Colin Powell, the former chairman of the Joint Chiefs of Staff, a key figure in multiple Republican administrations, and the first Black person to serve as secretary of state, has died of complications from covid-19 at the age of 84.
According to the New York Times, Powell was fully vaccinated and was fighting a breakthrough case of the virus before his death. He had been treated at Walter Reed National Military Medical Center, his family posted to Facebook.
“We want to thank the medical staff at Walter Reed National Medical Center for their caring treatment,” the family wrote. “We have lost a remarkable and loving husband, father, grandfather, and a great American.”
Powell was simultaneously fighting multiple myeloma, longtime aide Peggy Cifrino told the Associated Press. That’s a cancer of blood plasma cells which is known to seriously inhibit the ability of the body to fight off infections. The AP noted research has found the immune systems of patients with both multiple myeloma and covid-19 are less successful in defeating the latter.
Powell was both the youngest and first Black chairman of the Joint Chiefs of Staff under President George H.W. Bush from 1989 to 1993, and at the time of his appointment as secretary of state under President George W. Bush from 2001 to 2005, the highest-ranking Black member of the federal executive branch in U.S. history.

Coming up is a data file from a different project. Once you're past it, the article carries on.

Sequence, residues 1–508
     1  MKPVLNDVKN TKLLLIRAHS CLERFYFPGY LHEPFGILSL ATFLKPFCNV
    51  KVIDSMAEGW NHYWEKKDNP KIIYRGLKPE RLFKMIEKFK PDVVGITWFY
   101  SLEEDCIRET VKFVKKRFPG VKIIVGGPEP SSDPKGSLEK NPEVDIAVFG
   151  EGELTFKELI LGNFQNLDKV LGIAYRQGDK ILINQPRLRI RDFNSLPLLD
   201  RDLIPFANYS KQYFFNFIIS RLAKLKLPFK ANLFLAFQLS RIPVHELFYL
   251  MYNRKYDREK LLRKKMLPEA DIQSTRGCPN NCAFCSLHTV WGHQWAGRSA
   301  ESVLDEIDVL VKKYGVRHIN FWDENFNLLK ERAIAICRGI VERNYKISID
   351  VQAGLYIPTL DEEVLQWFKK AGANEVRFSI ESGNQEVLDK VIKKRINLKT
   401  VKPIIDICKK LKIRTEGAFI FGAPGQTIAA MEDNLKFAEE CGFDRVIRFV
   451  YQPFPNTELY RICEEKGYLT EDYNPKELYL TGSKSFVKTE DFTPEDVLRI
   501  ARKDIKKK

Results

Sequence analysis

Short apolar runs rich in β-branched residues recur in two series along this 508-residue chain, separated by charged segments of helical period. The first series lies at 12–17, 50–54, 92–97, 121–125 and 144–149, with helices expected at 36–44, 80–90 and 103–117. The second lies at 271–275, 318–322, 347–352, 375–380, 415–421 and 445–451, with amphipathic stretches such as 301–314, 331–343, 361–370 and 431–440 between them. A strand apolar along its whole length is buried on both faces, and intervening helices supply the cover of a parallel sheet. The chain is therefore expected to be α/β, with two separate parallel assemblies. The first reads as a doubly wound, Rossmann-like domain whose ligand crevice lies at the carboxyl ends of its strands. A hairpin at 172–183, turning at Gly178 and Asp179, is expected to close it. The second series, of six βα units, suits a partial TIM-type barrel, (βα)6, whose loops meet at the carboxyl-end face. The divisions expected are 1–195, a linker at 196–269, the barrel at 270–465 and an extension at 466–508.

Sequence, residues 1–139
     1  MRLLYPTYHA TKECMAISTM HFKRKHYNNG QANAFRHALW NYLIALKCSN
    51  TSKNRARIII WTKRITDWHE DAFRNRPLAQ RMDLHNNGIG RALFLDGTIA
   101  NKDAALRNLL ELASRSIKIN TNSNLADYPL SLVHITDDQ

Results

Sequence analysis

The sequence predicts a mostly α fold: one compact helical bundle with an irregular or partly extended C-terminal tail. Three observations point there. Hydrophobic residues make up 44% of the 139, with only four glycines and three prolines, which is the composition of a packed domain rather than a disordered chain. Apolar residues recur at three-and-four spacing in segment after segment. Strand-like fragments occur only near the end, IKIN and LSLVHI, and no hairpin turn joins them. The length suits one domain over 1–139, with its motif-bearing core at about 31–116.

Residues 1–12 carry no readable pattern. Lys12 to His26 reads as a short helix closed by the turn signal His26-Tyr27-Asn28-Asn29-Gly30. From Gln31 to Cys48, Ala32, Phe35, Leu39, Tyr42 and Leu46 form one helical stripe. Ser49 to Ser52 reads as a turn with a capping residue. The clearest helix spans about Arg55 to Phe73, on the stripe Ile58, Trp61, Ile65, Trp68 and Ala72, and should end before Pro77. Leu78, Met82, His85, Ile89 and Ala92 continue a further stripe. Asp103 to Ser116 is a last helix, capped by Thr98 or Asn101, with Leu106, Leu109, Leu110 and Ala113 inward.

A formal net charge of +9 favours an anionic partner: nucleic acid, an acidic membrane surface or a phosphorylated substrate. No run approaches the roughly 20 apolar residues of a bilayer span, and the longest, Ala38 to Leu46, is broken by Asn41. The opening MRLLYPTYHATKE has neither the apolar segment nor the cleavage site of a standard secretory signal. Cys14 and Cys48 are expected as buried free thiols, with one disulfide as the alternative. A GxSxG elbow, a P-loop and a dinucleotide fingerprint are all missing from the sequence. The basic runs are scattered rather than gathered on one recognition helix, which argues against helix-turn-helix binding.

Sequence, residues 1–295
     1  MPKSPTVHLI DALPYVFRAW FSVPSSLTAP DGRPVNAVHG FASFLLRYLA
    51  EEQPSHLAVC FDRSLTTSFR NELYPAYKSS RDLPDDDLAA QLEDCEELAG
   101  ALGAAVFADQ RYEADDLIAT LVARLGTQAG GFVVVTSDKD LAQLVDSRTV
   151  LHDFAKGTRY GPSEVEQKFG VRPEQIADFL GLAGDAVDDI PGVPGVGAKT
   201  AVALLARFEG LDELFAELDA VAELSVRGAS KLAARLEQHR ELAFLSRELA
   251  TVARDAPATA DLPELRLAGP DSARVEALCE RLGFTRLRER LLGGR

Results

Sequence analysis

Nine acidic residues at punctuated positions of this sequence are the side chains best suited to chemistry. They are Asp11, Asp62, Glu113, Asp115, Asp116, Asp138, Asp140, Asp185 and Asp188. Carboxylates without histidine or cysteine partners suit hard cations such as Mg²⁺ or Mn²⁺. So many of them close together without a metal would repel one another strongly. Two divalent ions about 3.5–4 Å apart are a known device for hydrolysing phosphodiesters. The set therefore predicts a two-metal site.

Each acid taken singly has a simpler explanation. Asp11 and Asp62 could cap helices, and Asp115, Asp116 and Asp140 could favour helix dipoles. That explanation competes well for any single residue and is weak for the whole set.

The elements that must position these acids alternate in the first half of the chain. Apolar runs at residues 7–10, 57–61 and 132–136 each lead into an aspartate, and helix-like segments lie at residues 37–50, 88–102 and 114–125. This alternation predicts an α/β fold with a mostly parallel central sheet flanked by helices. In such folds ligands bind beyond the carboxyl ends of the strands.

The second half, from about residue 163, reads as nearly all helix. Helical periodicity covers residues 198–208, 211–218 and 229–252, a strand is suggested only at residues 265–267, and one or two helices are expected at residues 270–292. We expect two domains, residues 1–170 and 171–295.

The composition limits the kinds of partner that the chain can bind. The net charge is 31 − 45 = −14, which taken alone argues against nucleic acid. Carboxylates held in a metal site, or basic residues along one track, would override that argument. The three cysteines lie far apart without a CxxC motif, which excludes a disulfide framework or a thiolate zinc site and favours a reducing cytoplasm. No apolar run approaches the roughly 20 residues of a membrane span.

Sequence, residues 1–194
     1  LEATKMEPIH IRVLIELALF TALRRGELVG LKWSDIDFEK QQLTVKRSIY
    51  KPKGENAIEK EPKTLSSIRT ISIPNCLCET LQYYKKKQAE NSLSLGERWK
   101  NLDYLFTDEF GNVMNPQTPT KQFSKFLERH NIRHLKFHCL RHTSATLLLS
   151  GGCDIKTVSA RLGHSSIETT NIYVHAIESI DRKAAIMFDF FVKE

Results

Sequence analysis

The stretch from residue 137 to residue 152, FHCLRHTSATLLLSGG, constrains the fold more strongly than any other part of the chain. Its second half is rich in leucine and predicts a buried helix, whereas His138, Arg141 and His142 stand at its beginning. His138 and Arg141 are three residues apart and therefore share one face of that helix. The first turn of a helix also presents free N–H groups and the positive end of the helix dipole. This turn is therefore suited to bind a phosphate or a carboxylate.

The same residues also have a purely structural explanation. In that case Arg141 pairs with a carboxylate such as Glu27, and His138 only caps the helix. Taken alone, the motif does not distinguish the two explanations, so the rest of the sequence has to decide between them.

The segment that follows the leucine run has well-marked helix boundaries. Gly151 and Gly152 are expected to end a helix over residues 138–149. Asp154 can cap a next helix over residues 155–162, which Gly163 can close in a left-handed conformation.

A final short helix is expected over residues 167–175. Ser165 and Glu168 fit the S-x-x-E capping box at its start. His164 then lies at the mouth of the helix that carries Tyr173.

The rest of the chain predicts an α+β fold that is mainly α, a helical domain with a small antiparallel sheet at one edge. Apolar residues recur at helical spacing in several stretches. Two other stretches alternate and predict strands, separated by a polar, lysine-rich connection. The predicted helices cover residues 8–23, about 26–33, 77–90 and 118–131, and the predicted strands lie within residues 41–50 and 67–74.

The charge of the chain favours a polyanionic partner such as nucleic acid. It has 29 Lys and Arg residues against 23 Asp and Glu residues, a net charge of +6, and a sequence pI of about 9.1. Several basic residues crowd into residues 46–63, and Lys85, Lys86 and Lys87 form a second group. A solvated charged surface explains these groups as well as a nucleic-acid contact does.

As CNN noted, following the U.S. victory in the first Gulf War he became one of the most popular leaders in the country and was widely considered a potential candidate for the presidency. But Powell’s record took serious blows when (according to Powell, against his better judgment) he used that reputation to sell the United Nations on faulty intelligence relating to weapons of mass destruction that was used by the Bush Administration to justify the invasion of Iraq in 2003.
Powell told the UN in a now-infamous speech, “There can be no doubt that Saddam Hussein has biological weapons and the capability to rapidly produce more, many more.” This conclusion, as was then known behind the scenes by top Bush officials and is now widely known to be the case, lacked any convincing evidence and was not true. Powell resigned from his federal posts in 2005 and later referred to the event in his autobiography as “one of my most momentous failures, the one with the widest-ranging impact.”
“The event will earn a prominent paragraph in my obituary,” Powell added, according to CNN. More pressingly, his speech helped sway public opinion and that of Congress towards the nearly two-decade U.S. occupation of Iraq, which resulted in hundreds of thousands of violent deaths at a minimum (excess deaths are likely at over half a million) and is still ongoing.
In his later years, Powell endorsed Democrats such as Barack Obama and Hillary Clinton. In the wake of the Jan. 6 assault on the Capitol by Donald Trump supporters, he said he could no longer consider himself a member of the Republican Party.
Update: 12:45 p.m. ET: This article has been updated with additional context about Powell’s health complications.